Vale makes most bullish iron ore comments yet. $180 a tonne anyone?

The Financial Times reports Brazil's Vale expects prices for the steelmaking ingredient to remain strong in 2012, "climbing as high as $180 a tonne" as economic growth in China "re-accelerates".

“There is a new level of prices for iron ore globally,” Tito Martins, chief financial officer told the paper, "arguing that when prices drop below about $120 a tonne, higher-cost Chinese producers cease to be competitive."

FT argues that "iron ore prices are, in effect, dictated by the highest cost producers who shut down output when prices tumble."

Friday's comments in a conference call with analyst follow that of the CEO of the number one iron ore exporter earlier this month. Murilo Ferreira told reporters at company HQ in Rio de Janeiro: "Those who have been betting against Chinese growth since the 1990s will be wrong again. China is just getting going."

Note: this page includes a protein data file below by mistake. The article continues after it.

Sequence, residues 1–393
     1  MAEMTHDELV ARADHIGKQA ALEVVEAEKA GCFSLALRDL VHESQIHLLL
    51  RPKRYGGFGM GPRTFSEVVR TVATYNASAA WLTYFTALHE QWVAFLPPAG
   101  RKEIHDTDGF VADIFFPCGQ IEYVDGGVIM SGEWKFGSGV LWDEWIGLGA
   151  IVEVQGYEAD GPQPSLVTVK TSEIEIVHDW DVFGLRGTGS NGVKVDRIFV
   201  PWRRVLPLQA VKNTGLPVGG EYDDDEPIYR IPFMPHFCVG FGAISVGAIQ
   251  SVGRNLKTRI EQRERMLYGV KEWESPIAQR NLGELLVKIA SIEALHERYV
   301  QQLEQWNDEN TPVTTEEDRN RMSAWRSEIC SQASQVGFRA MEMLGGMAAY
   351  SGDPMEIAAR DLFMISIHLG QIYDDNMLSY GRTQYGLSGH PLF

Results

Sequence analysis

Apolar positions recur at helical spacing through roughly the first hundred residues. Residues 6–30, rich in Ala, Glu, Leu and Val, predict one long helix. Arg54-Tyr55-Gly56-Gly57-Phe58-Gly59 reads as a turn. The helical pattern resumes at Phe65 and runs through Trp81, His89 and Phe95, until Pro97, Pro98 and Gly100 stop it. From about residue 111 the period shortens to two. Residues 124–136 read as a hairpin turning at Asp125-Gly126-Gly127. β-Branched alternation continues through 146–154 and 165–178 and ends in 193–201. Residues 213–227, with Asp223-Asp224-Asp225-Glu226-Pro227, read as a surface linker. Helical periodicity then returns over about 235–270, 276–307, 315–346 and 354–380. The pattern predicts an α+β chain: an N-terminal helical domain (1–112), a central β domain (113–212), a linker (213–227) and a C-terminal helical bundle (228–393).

These are strong words from a company that has seen iron ore imports by China, its biggest customer, slump more than 9% last month. Vale alone controls more than a quarter of the 1 billion tonne seaborne iron ore trade and China represents 60% of global demand.

But Vale is definitely putting its money where its mouth is – the company plans to invest more than $50 billion to expand production of iron ore to a staggering 400 million tonnes per year.

The import price of 62% iron ore fines at China's Tianjin port was $145.40 at tonne on Friday, levels it has been stuck at for most of 2012. Before staging a mini-crash in October last year, iron ore traded at over $180 a tonne, an-all time high.

The price of 62% iron ore never strayed from $10 – $14 a tonne for more than 20 years (1991 was a banner year – miners got all of $15.03 for their haul). The state of affairs was due to secretive negotiations and annual contracts.

Then at the end of 2004 all hell (for Chinese steelmakers that is) broke loose. The Big 3 – Vale, BHP Billiton and Rio Tinto – decided enough is enough and put up the price 72%, marking the start of a supercycle and the beginning of the end of the old pricing system.